My proper introduction to Pink Floyd did not come until one night in high school at a friend’s house when he thought it would be a good idea to take a large amount of Dramamine and watch “The Wall.” I decided to forgo the Dramamine but “The Wall” stuck with me not just for the acid trip that the movie was but also because of the music. This lead me to the double album and then I worked my way backwards through their earlier catalog. As of the time of this writing I still haven’t brought myself to work my way forward through the albums that came afterwards.
When it was announced that Roger Waters would be embarking on a tour playing The Wall live from front to back I knew this was a monumental concert I had to get to. The tour was not coming to San Diego but lucky for me Los Angeles is a mere 100 miles away. As if I needed another reason to love Ingrid she surprised me with tickets as an early Christmas present.
Before the show started while the house lights were on it was hard not to notice what appeared to be a homeless man pushing around a shopping cart through the floor section. He was wearing a sign that had things written on the front and back and was talking with people as he walked around. It soon became clear that the homeless man was Roger Waters and the show had actually started. The stage was as wide as Staples Center and prominently featured a partially built wall made of giant white bricks that doubled as projector screens. As Waters neared the stage he threw a pink doll that was in the shopping cart onto the stage, which triggered fireworks and the beginning of “In the Flesh?”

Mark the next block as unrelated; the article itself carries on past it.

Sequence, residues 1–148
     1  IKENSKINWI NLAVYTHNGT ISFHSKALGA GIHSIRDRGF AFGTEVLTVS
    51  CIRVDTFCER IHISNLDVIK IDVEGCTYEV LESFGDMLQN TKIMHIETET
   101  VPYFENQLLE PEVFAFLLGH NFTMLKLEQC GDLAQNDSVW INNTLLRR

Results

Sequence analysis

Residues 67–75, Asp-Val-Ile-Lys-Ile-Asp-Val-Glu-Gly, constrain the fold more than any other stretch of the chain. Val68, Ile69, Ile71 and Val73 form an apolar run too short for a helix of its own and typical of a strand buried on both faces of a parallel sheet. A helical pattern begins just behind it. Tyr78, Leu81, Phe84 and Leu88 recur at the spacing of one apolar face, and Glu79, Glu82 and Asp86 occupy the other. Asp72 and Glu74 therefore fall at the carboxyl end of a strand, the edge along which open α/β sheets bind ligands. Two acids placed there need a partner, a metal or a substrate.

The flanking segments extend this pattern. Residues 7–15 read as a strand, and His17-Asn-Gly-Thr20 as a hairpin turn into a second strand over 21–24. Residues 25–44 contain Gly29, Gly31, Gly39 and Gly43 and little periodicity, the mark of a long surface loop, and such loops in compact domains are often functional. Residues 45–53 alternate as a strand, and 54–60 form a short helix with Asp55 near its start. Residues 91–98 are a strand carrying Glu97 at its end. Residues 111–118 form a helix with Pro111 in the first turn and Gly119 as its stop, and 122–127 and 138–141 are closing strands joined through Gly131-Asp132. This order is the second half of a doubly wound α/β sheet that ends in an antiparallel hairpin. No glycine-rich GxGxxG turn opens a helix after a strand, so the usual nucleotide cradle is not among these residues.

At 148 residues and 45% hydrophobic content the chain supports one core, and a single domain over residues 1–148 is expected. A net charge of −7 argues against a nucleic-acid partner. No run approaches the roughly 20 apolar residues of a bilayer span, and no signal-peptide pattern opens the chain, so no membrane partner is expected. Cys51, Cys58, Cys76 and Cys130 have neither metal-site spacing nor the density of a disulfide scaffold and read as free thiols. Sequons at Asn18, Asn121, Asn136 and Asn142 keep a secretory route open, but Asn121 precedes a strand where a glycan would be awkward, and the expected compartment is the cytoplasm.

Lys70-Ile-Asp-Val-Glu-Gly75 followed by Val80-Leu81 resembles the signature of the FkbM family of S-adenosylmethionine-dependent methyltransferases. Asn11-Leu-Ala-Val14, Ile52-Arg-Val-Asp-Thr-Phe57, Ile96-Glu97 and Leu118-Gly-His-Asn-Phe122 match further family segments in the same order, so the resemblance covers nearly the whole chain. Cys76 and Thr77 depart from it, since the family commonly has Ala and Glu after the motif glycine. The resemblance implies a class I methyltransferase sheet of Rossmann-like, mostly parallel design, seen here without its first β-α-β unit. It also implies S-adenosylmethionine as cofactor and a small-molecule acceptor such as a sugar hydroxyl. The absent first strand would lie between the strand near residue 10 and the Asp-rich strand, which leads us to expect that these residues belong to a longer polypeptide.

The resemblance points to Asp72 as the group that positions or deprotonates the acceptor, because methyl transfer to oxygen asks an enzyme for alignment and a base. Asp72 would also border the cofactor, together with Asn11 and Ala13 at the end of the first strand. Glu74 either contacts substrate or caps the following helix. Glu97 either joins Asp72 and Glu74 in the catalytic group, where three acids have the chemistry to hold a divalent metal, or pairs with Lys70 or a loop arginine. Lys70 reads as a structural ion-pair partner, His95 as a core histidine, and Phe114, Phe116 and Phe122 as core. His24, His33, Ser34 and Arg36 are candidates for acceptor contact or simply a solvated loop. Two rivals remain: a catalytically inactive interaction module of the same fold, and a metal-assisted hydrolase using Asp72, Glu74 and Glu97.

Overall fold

For roughly the next hour everyone in the audience was transfixed on the spectacle at hand as Waters and his band tore through every song on the first half of The Wall in sequence. My favorite moment was when Waters played “Mother” as video of him playing the song live back in 1980 was projected behind him. There were two other songs played during this half as well: “What Shall We Do Now” that was originally intended to be included on the album but omitted at the last minute due to the time constraints of vinyl and “The Last Few Bricks,” an instrumental added to allow the roadies to more time to finish erecting the wall. The last brick went into place during the closing notes of “Goodbye Cruel World” and with that the show paused for an intermission.
With the exception of a couple instances the band performed the second half of the show from behind the wall. One brick was removed during “Is There Anybody Out There” to show the guitarists playing and then for the next song “Nobody Home” I remember a portion of the wall folded away to reveal a hotel room where Waters sang from a Lazy Boy. The guitar solo section of “Comfortably Numb” was performed from atop the wall. All of this of course culminated in the wall coming down at the end of the show in grand fashion.
The Wall is arguably Pink Floyd’s greatest masterpiece and the production was equally a masterpiece. The sound was fantastic and the technical wizardry gave the audience no choice but to succumb to the immersive experience. I have been to a lot of concerts and can hands down say this was the best “production” I have ever seen.